8 Tips to Answering the Greatest Weakness Question
Quick! What is your greatest weakness? It’s not so easy to answer confidently in a few seconds, is it? Yet, in many job interviews, that’s exactly what you’re asked to do. Fumbling the question can get you sent to the slush pile immediately. But if you nail it, it can be the first (or next) step to a successful career.
In this article, we’ll be looking at the 8 steps that you can take to prepare for answering this question in a way that makes you a strong candidate for any position. Let’s get started!
1. Be honest
The first thing to realize is that you’re not going to bluff your way out of it. Telling people that you don’t know shows that you have little ability to self-analyze. Saying you don’t have any weaknesses makes you come across as arrogant. Being honest helps you identify with the interviewer, but you have to be careful how you do it.
All honesty with no upside can make you seem inept.
One useful approach is to focus on a weakness that is not essential for the job. For example, if you are applying for a job that requires excellent written communication skills, you might mention that you have difficulty writing concisely.
Alternatively, you could highlight a strength that has a potential downside. For example, you might say that you are a perfectionist who often spends too much time on tasks. By framing your answer in this way, you can show that you are aware of your weaknesses and are taking steps to address them.
2. Don’t try to hide your weaknesses
Hiding your weaknesses, again, seems deceptive. That’s not at all what a potential employer is looking for. And here’s something else to consider. Anyone who’s ever interviewed for a job has dealt with a variation of the question. There’s a good chance they’ll be able to spot deceptive tactics because they’ve either considered or used them before.
One way to be open about your weaknesses in a job interview is to give a specific example of a time when you faced a challenge and explain what you learned from the experience. For instance, you might talk about a time when you had to deal with a difficult customer service issue.
By sharing what you did to resolve the situation and what you learned from it, you can show that you are willing to learn from your mistakes and that you are capable of handling difficult situations. This can help to give the employer confidence in your abilities and give them a better sense of who you are as a person.
3. Be prepared to talk about your weaknesses
You may not face the “greatest weakness” question in every interview. However, you should treat each interview like you will, even to the point of addressing your weaknesses proactively. That is, you should be so willing to talk about your weaknesses that if they’re brought up, they seem like any other question.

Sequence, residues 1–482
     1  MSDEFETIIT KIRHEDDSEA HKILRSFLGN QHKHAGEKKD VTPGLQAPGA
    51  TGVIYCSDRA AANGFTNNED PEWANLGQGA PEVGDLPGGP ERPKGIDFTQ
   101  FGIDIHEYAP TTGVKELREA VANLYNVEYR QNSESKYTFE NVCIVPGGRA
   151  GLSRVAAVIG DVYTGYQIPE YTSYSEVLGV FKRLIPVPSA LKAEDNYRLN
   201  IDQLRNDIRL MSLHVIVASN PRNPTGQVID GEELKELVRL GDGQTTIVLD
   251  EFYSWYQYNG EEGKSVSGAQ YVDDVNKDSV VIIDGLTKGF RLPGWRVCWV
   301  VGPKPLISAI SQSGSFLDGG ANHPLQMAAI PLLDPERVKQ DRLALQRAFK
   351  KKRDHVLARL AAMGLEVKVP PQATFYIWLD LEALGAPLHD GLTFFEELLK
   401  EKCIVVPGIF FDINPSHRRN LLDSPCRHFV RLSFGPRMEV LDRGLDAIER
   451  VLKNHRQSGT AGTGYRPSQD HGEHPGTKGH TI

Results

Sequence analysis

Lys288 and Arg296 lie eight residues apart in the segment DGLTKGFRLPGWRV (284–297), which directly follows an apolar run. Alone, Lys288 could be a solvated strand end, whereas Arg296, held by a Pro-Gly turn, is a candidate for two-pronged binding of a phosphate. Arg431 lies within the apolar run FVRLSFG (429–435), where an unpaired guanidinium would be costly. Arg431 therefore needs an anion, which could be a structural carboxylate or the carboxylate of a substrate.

Before you head into a job interview, it’s important to take some time to reflect on your weaknesses. This can be a difficult task, but it’s important to prepare for tough questions from the interviewer.
Once you’ve identified your weaknesses, spend some time thinking about how you can explain them in a positive light. For example, if you’re prone to getting nervous in front of large groups, you can emphasize your ability to think on your feet and stay calm under pressure.
By preparing ahead of time, you can go into the interview with confidence, knowing that you’re ready to discuss your weaknesses in a way that will impress the hiring manager. You can also focus on stories with successful outcomes where told in a way that highlights some of your inner doubts.
For example, you might have been uncertain of yourself at the cash register at your first job and heard an inner voice doubting your ability to handle it based on past experiences. However, you were able to quell that voice and focus on one thing at a time until you successfully made it through your first rush.
4. Be positive about your weaknesses
It’s possible to acknowledge weaknesses in a positive way. Without BS. Without trying to fool anyone or put a transparent spin on things. For example, “I can get a little short-tempered when my plans get disrupted by others. It can make me feel inconvenienced and even injured by the other person. But one trick I’ve learned in dealing with it is to empathize with the other person’s circumstances. Maybe they feel the same way due to something they experienced on the way to work or school.”